Dad had delirium, which was masked by his dementia.
Family members must be aware. I could research the stats again, but it doesn't matter. Family members must be aware of delirium.
Staff must be trained in recognizing that dementia does not negate delirium.
Dad's untreated urinary tract infection, in a small, rural hospital, gave us as much grief as you can imagine, especially on the day of Mom's funeral. It was dangerous, too. He lit a fire in the wood stove in the wee hours of the night, I was sleeping in the bunkie at the time.
My brother missed Mom's funeral staying with Dad at the hospital all day.
We do more research in the area of health, and we ignore much of it, as well.
Aside from the natural aging process, dementia and delirium in old age have many identifiable characteristics. Dementia is associated with, but not limited to, Alzheimer’s disease, vascular dementia, alcoholism, toxic reactions to medications (a huge risk in seniors), infections, metabolic disorders, malnutrition, and brain tumours (Pinel, 2006). Dad could have been suffering from any of these things, but no one was able to help us diagnose it. There is some confusion between delirium, dementia, and depression, and these require clarification, as well as early diagnosis by geriatricians. In The Hazards of Health Care (Heckman, 2004), warnings are given for undiagnosed dementia and delirium. The May 2008 issue of BP Blogger explains the difference between delirium and dementia. They say that it is the most common complication of hospital admission--between thirty and sixty-four percent in varying medical issues. One can have both delirium and dementia at the same time. Delirium is preventable and treatable; dementia is not.
Dementias, depression, delirium
These are terribly undiagnosed and life altering conditions for seniors. While dementia is a symptom caused by many conditions and cannot necessarily be ameliorated, the latter two are horribly under diagnosed since they are treatable.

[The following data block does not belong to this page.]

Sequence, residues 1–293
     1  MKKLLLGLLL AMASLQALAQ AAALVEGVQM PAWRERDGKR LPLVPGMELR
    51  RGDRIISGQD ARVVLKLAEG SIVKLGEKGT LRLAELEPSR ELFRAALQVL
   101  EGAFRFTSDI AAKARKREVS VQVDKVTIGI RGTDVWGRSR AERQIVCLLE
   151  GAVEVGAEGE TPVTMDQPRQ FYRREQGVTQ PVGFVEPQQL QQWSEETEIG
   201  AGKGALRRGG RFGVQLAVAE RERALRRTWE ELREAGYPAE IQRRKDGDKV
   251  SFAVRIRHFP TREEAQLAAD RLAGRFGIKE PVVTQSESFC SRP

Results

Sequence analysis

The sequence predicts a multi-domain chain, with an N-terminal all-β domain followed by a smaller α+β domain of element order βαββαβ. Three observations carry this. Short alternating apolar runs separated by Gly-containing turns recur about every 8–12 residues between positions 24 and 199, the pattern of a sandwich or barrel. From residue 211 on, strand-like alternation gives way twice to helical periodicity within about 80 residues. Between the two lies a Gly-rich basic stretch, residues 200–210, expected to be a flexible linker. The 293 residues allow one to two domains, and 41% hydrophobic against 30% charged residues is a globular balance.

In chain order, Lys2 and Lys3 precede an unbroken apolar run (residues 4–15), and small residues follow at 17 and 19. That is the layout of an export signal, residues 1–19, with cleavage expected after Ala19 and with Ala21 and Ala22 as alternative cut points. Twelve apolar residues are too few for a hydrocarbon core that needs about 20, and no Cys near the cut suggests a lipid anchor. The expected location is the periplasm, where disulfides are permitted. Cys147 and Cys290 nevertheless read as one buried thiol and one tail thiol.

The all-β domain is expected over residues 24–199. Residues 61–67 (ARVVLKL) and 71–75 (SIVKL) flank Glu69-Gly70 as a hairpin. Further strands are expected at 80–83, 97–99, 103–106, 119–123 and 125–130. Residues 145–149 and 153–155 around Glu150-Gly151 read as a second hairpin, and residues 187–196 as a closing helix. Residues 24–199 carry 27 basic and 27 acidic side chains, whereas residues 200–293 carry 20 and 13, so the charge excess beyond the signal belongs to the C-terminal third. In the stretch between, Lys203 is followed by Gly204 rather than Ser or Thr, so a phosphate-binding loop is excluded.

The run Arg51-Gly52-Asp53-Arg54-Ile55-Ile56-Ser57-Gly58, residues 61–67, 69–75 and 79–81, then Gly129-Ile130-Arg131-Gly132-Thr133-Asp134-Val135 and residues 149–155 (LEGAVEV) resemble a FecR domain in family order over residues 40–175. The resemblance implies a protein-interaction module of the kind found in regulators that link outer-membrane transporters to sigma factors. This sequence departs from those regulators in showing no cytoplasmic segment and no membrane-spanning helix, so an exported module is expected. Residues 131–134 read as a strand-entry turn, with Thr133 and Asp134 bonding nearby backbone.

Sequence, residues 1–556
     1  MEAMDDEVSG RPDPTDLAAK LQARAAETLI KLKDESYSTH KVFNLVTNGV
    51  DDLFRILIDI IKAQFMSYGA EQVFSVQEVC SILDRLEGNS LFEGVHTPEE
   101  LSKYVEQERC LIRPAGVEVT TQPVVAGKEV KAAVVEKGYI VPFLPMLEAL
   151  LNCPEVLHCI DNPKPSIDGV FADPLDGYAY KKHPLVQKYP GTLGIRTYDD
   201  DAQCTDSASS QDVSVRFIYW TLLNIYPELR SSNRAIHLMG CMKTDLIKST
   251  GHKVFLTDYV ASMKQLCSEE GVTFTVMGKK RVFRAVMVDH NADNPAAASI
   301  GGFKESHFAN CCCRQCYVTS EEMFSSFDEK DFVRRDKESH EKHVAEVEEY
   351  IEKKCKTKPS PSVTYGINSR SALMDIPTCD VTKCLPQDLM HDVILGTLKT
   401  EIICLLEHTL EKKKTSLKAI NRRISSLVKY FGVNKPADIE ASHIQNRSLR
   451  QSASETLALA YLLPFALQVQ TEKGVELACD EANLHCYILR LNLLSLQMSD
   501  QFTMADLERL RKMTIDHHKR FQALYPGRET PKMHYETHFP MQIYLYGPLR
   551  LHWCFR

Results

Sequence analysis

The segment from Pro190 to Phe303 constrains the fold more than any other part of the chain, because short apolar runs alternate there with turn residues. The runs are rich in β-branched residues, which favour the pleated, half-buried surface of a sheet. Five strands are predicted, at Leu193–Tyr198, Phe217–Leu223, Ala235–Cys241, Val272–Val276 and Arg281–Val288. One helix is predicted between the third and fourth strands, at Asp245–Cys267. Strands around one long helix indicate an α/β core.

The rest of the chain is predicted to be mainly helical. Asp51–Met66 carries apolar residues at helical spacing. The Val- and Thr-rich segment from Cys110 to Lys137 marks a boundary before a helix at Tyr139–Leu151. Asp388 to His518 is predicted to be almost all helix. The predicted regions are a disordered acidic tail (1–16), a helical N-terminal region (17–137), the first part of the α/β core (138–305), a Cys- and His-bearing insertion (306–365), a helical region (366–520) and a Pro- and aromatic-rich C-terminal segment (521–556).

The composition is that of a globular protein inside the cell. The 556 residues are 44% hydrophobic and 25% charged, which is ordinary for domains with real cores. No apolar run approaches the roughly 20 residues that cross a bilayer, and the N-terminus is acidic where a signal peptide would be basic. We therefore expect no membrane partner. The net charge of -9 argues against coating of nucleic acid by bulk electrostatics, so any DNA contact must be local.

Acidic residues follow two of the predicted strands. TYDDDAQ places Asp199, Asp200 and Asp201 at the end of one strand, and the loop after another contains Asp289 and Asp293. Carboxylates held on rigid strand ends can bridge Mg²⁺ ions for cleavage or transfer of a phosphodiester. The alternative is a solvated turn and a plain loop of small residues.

Depression simply needs some excellent medical care. Seniors alone, and seniors in long-term care, are both susceptible. having volunteered with many seniors.
Delirium is a terrible response to medications, infections, metabolic disorders, drug interactions, drug overdoses, after surgery.
Dementia is an abnormal progressive deterioration of neural functioning. It involves:
• Memory impairment
• Diminishing intellectual ability; confusion; forgetfulness
• Poor judgment
• Difficulty with abstract thinking, e.g.,, math, time, thinking skills.
• Personality changes, e.g.,, stubbornness, agitation, poor or inappropriate social skills
• Sleep disturbances
Delirium can occur in response to stressors such as illness, surgery, drug overdoses, interactions of drugs, malnutrition (Cole, 2004) and can change daily. Between 32% and 67% of hospital patients are discharged with undiagnosed delirium (Rudolph and Marcantonio, 2003), and some 16% of seniors are readmitted to hospital (Forster, et al., 2004). It affects up to 50% of elderly hospital patients and can result in:
• Disturbance of consciousness
• Disorientation, wandering attention, confusion, hallucinations
• Increased LTC placements, infections, and increased mortality (Rudolph and Marcantonio, 2003)
A timely press release...
DELIRIUM AND MEDICATION RECONCILIATION COLLABORATIVEOctober 2011 – September 2012
Delirium and adverse drug events can have a significant impact on a patient’s life. There is a wealth of research in improving the care of critically ill patients with delirium and on how to prevent adverse drug events. However, healthcare does not always reliably transfer evidence into practice and processes frequently fail despite the best intentions of a dedicated and highly skilled workforce. Our system, which intends to heal, often does just the opposite, leading to unintended harm for patients.
Participation in the Delirium and Medication Reconciliation Collaborative can contribute to the achievement of your delirium and medication reconciliation goals.
This Collaborative brings together teams that share a commitment to making significant and rapid changes to achieve results. It provides the structure, topic expertise and proven methods to create lasting improvement. Participants attend three learning sessions (two virtual sessions plus one face-to-face session) and are supported by expert faculty between sessions.
Click here for more information or to join a free Information Session on Tuesday, September 20 orWednesday, September 28.